On Monday, the S&P 500 Index came about as close as possible to the technical definition of a bear market without officially registering one (defined as a 20% or larger decline based on closing prices). Enduring these sharp declines can be unnerving for any investor, making it difficult to avoid the urge to react and sell at market lows. To hopefully provide some reassurance and perspective, we offer some historical context about this recent volatility and the relationship between bear markets and recessions.
Going back to World War II, there have been 14 bear markets, with 7 of them accompanied by a U.S. economic recession and 7 during economic expansions. The recessionary bear markets were quite painful for stock investors, with an average S&P 500 decline of 37%.
Bear Markets Occurring Without a Recession
A look at the non-recessionary bears is a bit more comforting. Three of the past four non-recessionary bears ended at 19% corrections. The fourth, a 34% decline in 1987, occurred under very different conditions. The S&P 500 was up more than 40% year to date in August 1987, compared with gains just below 10% through the September 20 high this year, while long-term interest rates shot up from 6% to 9% in 1987. Including 1987 and the four other non-recessionary bears before then (1947, 1962, 1966, and 1978), the average non-recessionary bear market drop is 24%.
Bottom line: U.S. stocks have endured swifter, shallower bear markets when the economy isn’t in a recession. When the U.S. economy is growing as it is now, and as we expect it in 2019*, those declines have tended to stop at around 20%.
What Does That Mean for Today?
Most relevant to our investment decisions today, it is important to consider that stocks have historically recovered quite a bit faster from non-recessionary bear markets than from those that are accompanied by a recession, as shown in the LPL Chart of the Day. According to LPL Chief Investment Strategist John Lynch, “In bear markets accompanied by recessions, the S&P 500 has taken an average of about 34 months to recover its prior peak. In bear markets without recessions, the S&P 500’s time to recover its prior peak is shortened to only about 11 months. In the last two bear markets without recessions, the S&P 500 recovered in 3 months (1998) and 5 months (2011).”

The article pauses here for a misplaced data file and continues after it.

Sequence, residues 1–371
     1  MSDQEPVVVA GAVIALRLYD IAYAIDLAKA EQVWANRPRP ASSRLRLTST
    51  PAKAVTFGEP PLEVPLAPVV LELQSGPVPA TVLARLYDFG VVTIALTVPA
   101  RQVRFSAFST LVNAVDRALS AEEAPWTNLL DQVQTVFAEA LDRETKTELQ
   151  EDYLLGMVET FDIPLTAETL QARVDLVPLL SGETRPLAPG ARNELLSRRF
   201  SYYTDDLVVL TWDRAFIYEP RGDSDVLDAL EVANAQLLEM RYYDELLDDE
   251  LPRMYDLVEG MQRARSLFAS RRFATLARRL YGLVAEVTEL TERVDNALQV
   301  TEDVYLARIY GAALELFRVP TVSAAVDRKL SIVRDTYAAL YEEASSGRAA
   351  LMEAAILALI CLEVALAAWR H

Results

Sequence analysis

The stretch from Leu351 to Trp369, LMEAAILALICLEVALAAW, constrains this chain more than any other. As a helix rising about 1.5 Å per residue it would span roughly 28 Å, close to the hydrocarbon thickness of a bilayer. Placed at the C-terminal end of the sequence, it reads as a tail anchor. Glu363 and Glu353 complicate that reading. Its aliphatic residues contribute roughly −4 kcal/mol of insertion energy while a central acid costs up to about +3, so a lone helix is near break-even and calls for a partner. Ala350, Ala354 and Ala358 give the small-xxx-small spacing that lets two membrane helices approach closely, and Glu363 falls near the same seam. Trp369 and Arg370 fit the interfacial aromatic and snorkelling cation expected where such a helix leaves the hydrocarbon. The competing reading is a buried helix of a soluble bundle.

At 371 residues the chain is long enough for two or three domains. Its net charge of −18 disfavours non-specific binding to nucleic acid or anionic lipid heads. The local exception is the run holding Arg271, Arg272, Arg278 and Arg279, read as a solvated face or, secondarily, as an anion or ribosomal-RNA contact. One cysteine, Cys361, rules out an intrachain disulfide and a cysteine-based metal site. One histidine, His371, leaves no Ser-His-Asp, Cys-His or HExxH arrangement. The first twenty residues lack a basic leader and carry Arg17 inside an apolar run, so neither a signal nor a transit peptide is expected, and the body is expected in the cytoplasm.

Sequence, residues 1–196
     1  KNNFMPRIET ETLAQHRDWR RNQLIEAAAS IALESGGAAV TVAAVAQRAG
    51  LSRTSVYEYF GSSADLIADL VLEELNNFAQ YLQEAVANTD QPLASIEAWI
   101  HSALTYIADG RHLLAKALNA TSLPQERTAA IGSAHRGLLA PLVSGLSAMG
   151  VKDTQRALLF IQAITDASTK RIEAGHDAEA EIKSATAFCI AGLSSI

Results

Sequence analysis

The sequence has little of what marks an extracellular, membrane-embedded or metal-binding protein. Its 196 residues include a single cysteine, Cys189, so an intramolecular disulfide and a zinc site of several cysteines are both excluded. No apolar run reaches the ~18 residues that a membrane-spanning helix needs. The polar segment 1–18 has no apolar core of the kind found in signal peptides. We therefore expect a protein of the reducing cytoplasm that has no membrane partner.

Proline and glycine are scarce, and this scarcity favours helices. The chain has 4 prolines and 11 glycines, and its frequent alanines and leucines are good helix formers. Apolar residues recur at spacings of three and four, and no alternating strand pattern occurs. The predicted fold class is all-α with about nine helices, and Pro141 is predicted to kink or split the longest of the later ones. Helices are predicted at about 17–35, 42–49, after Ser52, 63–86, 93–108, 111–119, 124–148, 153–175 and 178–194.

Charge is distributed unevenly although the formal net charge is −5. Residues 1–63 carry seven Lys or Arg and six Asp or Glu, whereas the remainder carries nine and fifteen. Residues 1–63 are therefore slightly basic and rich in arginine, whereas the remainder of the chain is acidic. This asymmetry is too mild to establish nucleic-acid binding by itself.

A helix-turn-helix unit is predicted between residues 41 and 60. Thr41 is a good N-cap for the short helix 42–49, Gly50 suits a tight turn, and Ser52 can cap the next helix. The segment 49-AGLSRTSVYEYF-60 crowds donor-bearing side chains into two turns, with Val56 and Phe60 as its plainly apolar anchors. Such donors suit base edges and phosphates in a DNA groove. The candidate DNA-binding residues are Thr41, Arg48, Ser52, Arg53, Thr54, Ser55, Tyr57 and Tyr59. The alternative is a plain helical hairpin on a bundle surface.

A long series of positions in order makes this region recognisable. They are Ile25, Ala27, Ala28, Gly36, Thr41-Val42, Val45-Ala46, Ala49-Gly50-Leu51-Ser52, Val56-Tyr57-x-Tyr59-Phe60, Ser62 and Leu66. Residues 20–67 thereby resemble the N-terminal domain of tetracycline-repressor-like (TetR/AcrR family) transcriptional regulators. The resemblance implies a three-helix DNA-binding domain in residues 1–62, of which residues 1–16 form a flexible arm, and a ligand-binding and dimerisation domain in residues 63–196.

We understand that in this volatile market environment, it can be difficult to stick to your long-term investment plan. We hope this historical perspective helps in that regard. Over the long term, stocks have proven to be quite resilient as the economy expands and companies adapt, innovate, and drive profit growth over time. We encourage investors to remain focused on the many fundamentals supporting growth in the economy and corporate profits, and stick with your investing strategy.
* Please see the Outlook 2019: FUNDAMENTAL: How to Focus on What Really Matters in the Markets for additional description and disclosure.
The opinions voiced in this material are for general information only and are not intended to provide specific advice or recommendations for any individual security. To determine which investment(s) may be appropriate for you, consult your financial advisor prior to investing. The economic forecasts set forth in this material may not develop as predicted.
All indexes are unmanaged and cannot be invested into directly. Unmanaged index returns do not reflect fees, expenses, or sales charges. Index performance is not indicative of the performance of any investment. All performance referenced is historical and is no guarantee of future results.
The Standard & Poor’s 500 Index is a capitalization weighted index of 500 stocks designed to measure performance of the broad domestic economy through changes in the aggregate market value of 500 stocks representing all major industries.
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